Unlike last year, when the music business was obsessed with cryptocurrency, this year comes at a time when the crypto market, like most of the economy, is in decline.
The attention recession and potential economic recession
Well, the market downturn is not limited to cryptocurrency. It's also possible that some of the crypto "downturn" is just the predicted return to normalcy following the exaggerated high. However, there are concerns that the music Web 3.0 market may lose steam as consumers become more selective about how they invest their time and money.
Education is one of the most significant obstacles.
To be interested in purchasing an NFT, a music lover must first learn what an NFT is, why it is essential, and how to obtain one.
While it may appear as if everyone in the music industry has gotten the concept by now, customer knowledge remains very limited. As of Q3 2021, around 20% of worldwide customers recognized what NFTs were, and a comparable amount was interested in purchasing limited-edition digital collectibles from their musical heroes. It is not just a matter of convincing users to pay attention, but also of artists and their crews.
Major record labels that have committed to Web 3.0 are still training their own staff about the sector and attempting to pique the interest of artists — at a time when many have resumed their focus on in-person activities such as touring.
The bear market has benefits
Nonetheless, the bear market has a lot of potential advantages.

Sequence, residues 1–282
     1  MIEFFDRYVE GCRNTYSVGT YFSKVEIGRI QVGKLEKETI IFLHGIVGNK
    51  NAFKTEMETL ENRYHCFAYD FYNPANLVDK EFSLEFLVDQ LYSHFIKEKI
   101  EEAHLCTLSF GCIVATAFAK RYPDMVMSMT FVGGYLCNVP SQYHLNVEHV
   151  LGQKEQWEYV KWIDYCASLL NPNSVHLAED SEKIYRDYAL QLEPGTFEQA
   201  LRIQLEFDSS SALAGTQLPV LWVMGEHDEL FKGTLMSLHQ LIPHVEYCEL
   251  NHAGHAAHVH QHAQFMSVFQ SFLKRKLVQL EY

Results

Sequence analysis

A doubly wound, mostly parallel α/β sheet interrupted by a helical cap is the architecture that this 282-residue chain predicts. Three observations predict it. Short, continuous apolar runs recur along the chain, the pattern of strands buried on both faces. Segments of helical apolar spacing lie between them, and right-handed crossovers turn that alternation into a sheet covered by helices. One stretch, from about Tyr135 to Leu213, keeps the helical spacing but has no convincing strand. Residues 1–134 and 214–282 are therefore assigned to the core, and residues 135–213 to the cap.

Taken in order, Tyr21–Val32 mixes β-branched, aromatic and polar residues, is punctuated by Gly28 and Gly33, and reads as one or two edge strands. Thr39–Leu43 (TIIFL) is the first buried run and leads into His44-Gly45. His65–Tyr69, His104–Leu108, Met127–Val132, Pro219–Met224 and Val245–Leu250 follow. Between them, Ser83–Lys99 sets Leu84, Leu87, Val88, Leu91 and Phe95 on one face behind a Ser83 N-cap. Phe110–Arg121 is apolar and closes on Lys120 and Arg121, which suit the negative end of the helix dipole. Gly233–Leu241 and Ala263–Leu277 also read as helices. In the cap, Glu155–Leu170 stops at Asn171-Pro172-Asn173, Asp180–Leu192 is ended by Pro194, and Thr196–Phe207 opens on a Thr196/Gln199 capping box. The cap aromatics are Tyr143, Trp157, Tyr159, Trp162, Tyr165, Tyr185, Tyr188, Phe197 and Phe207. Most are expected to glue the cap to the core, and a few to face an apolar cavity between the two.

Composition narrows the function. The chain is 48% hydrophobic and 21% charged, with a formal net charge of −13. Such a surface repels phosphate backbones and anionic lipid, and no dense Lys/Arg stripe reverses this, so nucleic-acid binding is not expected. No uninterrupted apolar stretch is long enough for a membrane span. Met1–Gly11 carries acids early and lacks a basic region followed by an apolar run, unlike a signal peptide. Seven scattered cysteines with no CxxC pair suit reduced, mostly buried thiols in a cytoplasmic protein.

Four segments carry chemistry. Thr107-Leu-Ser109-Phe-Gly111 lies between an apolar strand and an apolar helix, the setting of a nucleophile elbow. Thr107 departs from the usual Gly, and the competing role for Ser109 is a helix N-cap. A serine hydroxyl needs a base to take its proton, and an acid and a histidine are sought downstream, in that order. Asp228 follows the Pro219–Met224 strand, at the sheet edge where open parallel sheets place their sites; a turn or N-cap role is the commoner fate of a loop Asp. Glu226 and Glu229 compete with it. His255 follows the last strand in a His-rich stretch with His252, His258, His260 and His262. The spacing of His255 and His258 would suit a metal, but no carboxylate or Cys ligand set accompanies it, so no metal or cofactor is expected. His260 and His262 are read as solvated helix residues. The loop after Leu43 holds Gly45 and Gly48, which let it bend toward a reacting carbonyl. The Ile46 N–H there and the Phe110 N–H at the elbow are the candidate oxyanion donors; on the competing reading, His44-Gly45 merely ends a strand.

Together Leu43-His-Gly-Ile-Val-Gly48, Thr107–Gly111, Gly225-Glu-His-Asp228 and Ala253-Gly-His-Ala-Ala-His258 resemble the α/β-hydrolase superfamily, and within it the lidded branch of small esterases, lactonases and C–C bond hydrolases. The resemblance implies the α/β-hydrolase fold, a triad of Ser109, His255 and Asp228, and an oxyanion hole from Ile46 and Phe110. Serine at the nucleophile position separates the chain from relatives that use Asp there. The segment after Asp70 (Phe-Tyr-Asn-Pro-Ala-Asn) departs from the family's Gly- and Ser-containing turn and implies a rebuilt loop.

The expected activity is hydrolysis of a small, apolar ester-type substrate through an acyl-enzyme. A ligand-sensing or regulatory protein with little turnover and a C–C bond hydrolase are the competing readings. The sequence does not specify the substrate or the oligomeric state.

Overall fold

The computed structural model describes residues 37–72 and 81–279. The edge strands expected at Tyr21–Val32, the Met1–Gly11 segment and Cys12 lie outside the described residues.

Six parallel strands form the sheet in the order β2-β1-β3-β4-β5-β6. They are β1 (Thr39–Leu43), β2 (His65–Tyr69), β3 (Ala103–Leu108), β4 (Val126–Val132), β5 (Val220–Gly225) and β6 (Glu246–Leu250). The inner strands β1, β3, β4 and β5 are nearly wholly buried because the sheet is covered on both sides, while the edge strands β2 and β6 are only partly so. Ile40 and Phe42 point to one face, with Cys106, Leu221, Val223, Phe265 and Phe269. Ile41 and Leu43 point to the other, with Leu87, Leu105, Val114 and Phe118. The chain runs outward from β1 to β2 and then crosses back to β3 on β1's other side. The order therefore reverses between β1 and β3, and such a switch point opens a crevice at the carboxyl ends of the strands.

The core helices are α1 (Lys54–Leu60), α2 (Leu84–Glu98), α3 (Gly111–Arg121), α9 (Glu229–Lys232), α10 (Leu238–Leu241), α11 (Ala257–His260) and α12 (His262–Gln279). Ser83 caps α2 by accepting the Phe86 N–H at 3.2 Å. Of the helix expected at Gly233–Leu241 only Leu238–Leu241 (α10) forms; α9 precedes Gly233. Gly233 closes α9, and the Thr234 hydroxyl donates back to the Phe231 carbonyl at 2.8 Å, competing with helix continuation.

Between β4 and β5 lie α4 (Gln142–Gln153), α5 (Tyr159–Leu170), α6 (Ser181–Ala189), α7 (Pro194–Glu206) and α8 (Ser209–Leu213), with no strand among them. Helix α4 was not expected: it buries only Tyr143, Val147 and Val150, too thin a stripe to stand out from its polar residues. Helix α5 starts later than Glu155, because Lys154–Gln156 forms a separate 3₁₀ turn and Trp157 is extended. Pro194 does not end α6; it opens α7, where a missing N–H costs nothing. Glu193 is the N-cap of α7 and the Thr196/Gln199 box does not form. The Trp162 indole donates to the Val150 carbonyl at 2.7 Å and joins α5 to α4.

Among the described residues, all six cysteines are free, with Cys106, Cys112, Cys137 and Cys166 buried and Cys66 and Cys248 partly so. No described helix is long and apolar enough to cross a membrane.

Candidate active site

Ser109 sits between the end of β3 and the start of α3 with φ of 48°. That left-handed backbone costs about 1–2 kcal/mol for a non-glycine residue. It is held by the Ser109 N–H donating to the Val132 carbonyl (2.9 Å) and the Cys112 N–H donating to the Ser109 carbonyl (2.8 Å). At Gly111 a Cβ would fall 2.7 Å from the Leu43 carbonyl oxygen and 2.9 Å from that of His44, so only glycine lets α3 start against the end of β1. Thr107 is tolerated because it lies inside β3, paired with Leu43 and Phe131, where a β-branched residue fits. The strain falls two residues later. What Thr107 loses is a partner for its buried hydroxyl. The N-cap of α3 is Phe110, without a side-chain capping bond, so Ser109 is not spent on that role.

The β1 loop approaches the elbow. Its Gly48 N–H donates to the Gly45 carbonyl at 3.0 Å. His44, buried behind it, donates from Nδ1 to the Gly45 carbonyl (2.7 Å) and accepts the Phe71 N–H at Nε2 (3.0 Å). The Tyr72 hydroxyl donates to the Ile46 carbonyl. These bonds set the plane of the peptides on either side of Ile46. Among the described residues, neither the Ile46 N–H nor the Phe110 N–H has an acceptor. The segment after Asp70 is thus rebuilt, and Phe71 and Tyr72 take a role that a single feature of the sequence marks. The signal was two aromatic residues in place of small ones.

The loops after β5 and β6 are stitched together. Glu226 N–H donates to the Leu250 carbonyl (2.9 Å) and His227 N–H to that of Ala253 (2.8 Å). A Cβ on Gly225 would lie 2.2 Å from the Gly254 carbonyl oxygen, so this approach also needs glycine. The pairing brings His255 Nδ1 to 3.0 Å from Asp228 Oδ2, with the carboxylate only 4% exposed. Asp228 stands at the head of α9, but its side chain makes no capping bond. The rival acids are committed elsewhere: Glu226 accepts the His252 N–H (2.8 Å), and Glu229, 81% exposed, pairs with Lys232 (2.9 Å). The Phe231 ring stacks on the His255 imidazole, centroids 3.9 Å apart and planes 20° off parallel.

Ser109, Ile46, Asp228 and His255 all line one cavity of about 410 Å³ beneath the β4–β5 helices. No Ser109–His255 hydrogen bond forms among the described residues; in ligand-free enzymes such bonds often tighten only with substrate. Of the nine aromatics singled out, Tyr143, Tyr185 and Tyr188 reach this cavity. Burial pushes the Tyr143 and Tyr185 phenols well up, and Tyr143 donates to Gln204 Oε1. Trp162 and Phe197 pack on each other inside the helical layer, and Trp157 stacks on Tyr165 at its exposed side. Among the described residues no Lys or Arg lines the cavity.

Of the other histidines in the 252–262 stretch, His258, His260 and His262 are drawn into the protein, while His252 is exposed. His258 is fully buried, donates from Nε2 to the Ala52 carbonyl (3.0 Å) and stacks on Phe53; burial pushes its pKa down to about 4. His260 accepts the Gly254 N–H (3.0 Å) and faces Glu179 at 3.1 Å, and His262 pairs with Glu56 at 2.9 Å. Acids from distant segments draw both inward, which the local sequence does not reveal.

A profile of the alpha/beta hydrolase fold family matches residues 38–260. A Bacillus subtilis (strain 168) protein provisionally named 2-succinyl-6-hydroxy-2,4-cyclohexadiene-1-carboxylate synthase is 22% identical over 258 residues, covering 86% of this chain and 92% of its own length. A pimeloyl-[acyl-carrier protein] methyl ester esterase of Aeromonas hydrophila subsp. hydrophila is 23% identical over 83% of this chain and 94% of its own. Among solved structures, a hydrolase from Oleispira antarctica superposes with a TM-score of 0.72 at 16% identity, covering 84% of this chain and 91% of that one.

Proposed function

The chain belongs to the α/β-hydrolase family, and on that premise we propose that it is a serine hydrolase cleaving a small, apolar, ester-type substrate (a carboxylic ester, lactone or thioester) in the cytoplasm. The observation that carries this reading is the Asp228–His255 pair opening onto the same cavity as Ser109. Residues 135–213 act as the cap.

A crypto winter would assist to separate the legitimate firms and ideas from the money grabs in the existing saturated field. A bear market will be an excellent moment for those who are serious to focus and begin the work and effort of resolving the many challenges and impediments that became apparent during the hype phase.
One guest from a music NFT firm mentioned how difficult it was to be focused during the 2021 crypto hype, and that they are a lot more productive and effective today.
The bear market may also be beneficial to fans, who were often priced out when crypto was booming and are now able to acquire their first NFTs at cheaper costs. Despite the market collapse, money is still pouring into the music Web 3.0 industry.
DAO Dreams Never Die, a record label, just secured $2.5 million in initial investment, anotherblock, a blockchain-based music rights marketplace, raised $1.2 million, and NFT startup Highlight acquired $11 million. From the perspective of NYC.NFT, there also appears to be no lack of recent grads eager to begin jobs in music and Web 3.0.
There are still opposing viewpoints.
In the Web 3.0 music space, there are two opposing schools of thought. While one side is creating music-crypto ventures atop incumbent frameworks, the other side is scrapping those frameworks almost altogether and building a new, blockchain-based music company alongside the conventional one.
While big labels and other established stakeholders dominate the former, independents and music industry outsiders dominate the latter.
This separation persists, as evidenced by the attendance at various events.
There were also significantly more conferences and speeches about how NFTs may be used to promote new products to consumers than about utilizing NFTs to solve fundamental — but less enticing — problems like optimizing royalty payments. In the larger scheme of things, the music crypto realm is still fairly new.
But, perhaps, the bear market will also be a moment to focus on less glamorous (but possibly revolutionary) undertakings, and for these two opposing ideologies to pay close attention to and benefit from each other.
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